Sports Illustrated dubbed him “The Jewish Jordan” in 1999 for his prowess on the high school basketball court.
Eight years later, Tamir Goodman, an Orthodox Jew, has signed a contract to play pro ball for his hometown Baltimore Nighthawks, a franchise in the new Premiere Basketball League, which makes its debut in January.
Goodman — a six-foot-three, 180-pound guard who wears a kipa and tzitzit while he plays — averaged more than 35 points per game in his junior year at Baltimore’s Talmudical Academy. He was awarded a scholarship from the University of Maryland, but quit when the team refused to accommodate his Shabbat observance. Instead, he attended Towson University in Maryland, but left after disputes with the basketball coach.
Goodman moved to Israel, where he played for Maccabi Tel Aviv and Maccabi Givat Shmuel, a situation made difficult because of high expectations and a series of injuries.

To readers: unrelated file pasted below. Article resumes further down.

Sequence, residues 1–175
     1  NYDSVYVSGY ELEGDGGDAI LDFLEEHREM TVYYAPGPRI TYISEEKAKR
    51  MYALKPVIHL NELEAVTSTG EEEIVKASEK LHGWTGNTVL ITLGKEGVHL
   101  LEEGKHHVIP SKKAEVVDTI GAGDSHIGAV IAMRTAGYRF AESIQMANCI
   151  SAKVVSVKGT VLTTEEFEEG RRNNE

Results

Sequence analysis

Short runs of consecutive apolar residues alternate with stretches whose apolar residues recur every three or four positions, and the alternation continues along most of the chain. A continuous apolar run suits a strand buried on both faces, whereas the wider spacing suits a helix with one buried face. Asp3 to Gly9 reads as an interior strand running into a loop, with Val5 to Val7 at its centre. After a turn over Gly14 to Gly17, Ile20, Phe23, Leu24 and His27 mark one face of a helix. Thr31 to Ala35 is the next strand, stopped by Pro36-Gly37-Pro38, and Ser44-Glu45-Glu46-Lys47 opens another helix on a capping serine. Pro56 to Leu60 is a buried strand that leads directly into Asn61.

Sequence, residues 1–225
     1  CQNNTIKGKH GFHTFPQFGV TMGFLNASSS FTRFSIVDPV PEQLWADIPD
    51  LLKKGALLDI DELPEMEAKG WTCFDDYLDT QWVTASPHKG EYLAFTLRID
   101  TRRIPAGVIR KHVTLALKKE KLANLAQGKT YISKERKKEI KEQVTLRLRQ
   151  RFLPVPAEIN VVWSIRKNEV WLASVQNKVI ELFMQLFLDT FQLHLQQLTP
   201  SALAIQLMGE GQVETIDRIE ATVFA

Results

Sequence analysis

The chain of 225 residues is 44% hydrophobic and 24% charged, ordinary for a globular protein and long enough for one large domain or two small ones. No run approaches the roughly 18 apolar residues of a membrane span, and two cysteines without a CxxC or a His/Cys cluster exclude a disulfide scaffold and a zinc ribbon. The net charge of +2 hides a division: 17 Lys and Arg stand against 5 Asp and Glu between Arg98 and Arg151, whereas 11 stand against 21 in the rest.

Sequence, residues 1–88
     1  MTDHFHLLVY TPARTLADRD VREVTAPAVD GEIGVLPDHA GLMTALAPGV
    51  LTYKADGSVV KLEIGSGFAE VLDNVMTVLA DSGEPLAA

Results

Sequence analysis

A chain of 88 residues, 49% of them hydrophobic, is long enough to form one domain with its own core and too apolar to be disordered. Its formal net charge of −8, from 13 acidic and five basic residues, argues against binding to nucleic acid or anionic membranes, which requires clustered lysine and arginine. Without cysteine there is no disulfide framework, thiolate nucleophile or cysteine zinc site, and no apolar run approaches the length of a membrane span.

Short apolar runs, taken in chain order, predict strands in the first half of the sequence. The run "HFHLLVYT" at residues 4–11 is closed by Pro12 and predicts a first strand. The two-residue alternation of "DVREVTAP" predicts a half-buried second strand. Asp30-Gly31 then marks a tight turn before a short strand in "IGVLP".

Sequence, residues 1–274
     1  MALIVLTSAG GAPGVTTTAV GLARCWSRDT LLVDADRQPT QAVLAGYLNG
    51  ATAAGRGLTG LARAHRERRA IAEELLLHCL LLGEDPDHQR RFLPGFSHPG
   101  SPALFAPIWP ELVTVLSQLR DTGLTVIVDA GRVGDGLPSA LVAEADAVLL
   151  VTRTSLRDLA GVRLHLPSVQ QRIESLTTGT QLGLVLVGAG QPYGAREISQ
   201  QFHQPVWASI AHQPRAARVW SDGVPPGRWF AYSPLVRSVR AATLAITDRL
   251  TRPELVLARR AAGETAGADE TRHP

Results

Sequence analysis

The Nighthawks have promised to honor Goodman’s religious commitment, a key point in his signing with the fledgling league. They have designed their schedule so he will miss only two home games.
Goodman spoke with NJ Jewish News via telephone after a press conference announcing his signing with the Nighthawks.
NJJN: So how does it feel to be back in your hometown?
Goodman: Very good, thank God. I’m very excited. I can’t thank the Nighthawks enough for making this possible and working everything out with Shabbos. Every Jewish kid should now know that you can be a pro basketball player or a professional in any field without doing it on Shabbos.
NJJN: So what made you decide to return to the States to play?
Goodman: It’s a new professional league with a new attitude and a new motto, and that’s really what attracted me the most. It’s going to be like sports was 25 or 30 years ago: camps and clinics, family-friendly, hardworking. It’s going to be pure basketball.
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